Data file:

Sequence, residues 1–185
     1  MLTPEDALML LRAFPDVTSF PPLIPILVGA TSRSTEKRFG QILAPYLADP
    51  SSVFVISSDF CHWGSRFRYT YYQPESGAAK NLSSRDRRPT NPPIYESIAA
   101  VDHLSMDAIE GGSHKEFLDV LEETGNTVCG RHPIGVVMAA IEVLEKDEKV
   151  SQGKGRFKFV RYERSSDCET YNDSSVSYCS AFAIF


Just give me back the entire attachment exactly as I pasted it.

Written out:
Sequence, residues 1–185
     1  MLTPEDALML LRAFPDVTSF PPLIPILVGA TSRSTEKRFG QILAPYLADP
    51  SSVFVISSDF CHWGSRFRYT YYQPESGAAK NLSSRDRRPT NPPIYESIAA
   101  VDHLSMDAIE GGSHKEFLDV LEETGNTVCG RHPIGVVMAA IEVLEKDEKV
   151  SQGKGRFKFV RYERSSDCET YNDSSVSYCS AFAIF